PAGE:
Winter Park reimagines its downtown as a haven for pedestrians, bikes |

Winter Park reimagines its downtown as a haven for pedestrians, bikes

Phases of the downtown streetscape designed in the plan.
Courtesy Winter Park and Design Workshop

Winter Park is prioritizing pedestrian and biker safety in its new Downtown Master Plan, approved Tuesday by the town council.

The vision includes increased mobility, a sustained environment and a focus on culture and economy, while reimagining Winter Park’s downtown core along Main Street, from Village Drive to Kings Crossing Road, with new design and architectural guidelines.

A steering committee of 15 residents and town staff, as well as input from several public events, created the plan.

“We feel like we’ve gotten plenty of public feedback on the plan and we feel it’s right for the community,” Community Development Director James Shockey said. 

The plan outlines recommendations for the town council to undertake and an implementation process.

Crucially, it highlights four priorities to begin to make changes to the streetscape, including restriping bike lanes on the existing road, adding public art through street furniture, midblock crosswalks and safety buffers for pedestrians, such as bollards. It also prioritizes showcasing the new transit hub at Cooper Creek Square with a temporary street closure during a summer festival.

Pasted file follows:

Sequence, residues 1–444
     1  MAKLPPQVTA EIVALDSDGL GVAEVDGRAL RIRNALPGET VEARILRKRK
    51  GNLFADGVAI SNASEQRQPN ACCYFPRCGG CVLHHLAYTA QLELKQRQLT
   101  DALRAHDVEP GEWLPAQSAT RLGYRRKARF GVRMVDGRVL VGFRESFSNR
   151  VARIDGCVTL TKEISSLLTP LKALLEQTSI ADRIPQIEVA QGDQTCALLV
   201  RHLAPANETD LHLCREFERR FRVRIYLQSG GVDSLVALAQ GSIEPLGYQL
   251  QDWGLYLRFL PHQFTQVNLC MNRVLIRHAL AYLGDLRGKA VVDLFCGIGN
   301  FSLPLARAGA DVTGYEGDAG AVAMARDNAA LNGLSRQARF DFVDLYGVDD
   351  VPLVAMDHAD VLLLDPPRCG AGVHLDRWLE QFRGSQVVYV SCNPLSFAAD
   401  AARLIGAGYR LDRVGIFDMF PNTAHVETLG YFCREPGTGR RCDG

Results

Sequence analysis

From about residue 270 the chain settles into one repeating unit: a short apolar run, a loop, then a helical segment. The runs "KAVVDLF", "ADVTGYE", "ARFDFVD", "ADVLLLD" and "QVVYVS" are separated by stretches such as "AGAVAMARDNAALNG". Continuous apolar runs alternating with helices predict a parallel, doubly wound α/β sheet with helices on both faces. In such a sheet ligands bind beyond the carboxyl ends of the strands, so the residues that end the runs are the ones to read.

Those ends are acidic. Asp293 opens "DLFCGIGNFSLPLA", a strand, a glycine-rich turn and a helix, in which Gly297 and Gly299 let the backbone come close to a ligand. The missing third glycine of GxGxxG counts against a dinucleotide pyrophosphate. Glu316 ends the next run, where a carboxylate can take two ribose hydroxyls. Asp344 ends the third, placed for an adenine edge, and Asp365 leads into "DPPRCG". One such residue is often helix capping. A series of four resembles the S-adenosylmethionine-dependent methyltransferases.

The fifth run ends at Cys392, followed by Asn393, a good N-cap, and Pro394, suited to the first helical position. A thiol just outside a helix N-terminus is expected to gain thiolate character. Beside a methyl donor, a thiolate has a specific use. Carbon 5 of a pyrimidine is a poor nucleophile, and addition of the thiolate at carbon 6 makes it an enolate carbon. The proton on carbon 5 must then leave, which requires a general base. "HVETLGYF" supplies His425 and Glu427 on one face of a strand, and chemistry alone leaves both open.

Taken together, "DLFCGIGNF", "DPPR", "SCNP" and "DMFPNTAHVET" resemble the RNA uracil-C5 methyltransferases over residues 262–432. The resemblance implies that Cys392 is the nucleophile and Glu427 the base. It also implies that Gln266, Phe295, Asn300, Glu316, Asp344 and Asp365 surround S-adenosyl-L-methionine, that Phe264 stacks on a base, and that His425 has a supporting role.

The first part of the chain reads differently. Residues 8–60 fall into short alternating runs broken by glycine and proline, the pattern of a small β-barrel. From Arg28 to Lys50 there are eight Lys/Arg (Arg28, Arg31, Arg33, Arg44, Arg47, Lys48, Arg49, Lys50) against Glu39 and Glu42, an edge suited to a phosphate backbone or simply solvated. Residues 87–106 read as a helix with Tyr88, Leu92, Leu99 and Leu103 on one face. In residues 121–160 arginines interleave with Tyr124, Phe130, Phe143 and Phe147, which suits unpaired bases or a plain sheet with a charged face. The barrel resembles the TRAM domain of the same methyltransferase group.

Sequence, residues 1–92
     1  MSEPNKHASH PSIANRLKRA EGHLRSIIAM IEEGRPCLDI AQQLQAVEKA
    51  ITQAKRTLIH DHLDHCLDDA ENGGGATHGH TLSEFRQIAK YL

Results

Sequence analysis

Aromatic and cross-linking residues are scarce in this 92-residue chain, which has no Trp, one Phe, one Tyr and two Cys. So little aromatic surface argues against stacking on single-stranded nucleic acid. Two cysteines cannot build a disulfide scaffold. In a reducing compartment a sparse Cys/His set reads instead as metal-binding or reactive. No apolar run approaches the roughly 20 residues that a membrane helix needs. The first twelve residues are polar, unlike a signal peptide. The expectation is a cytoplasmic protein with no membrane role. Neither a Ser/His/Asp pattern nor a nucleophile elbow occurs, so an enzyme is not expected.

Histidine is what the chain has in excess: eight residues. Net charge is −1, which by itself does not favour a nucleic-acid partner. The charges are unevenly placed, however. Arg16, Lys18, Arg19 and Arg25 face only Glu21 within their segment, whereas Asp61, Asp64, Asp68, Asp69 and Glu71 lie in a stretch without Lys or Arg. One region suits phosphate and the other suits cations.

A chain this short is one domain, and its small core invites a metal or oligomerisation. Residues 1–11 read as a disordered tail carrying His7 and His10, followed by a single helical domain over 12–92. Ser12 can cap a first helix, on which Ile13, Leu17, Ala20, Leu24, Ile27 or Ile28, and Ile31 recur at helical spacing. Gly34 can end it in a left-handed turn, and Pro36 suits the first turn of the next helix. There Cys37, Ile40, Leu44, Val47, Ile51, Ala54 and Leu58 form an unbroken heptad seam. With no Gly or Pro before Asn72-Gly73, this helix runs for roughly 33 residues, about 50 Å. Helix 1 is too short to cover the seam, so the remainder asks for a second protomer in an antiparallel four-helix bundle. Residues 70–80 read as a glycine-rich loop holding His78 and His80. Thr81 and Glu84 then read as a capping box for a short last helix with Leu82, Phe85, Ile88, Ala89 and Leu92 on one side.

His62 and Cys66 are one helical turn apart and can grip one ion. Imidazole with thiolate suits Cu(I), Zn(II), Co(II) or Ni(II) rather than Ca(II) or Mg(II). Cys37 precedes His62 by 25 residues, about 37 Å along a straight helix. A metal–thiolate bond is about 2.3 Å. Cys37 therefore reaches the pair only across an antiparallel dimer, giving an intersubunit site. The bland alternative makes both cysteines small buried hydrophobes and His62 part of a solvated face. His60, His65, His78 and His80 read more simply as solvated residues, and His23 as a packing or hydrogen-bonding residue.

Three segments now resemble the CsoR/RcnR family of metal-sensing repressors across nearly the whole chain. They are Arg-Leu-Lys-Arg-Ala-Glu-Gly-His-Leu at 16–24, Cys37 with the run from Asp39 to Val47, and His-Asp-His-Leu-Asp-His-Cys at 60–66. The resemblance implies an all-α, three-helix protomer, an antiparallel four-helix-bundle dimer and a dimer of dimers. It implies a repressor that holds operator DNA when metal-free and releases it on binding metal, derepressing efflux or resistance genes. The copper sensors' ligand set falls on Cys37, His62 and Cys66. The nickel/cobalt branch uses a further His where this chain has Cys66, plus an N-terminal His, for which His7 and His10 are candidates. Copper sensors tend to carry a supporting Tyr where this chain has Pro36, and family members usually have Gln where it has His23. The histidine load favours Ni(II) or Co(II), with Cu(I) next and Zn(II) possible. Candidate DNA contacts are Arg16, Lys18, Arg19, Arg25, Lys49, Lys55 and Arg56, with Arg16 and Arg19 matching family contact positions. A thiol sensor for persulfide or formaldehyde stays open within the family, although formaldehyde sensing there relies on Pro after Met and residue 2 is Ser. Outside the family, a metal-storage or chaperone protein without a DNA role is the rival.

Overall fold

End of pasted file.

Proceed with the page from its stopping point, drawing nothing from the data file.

Other recommendations in the plan are phased out over seven years with the ultimate goal of a completely new streetscape with new medians, bike lanes and reduced on-street parking.

The plan suggests the town address parking needs via increasing parking availability on side streets and at popular destinations, as well as continuing to expand the regional bus system, starting a bike sharing program and encouraging walking and biking through streetscape design.

Zoning the downtown core as an innovation district and completing a downtown trails project to assess demand for current and future trails are two other policy ideas in the plan.

Council members voiced support for the plan and passed it unanimously.

In other business:

  • The council approved a change in the timing of the collection of the affordable housing fee for new developments. Previously, the fee was collected when the development received its certificate of occupancy. It will now be collected when the development files for a building permit.
  • Winter Park’s municipal judge will be responsible for hearing alleged violations of the town’s liquor licensing authority, per an ordinance approved Tuesday.
  • Council also approved the town’s three-mile plan outlining possible property annexations within three miles of the town.
  • A resolution to waive fees for the town’s new public works building was tabled because of a discussion with East Grand Fire Department, in which the department requested the town not waive the EGFD impact fee for the project.
  • New council member Jennifer Hughes was named Winter Park’s representative for the Transit Advisory Committee.

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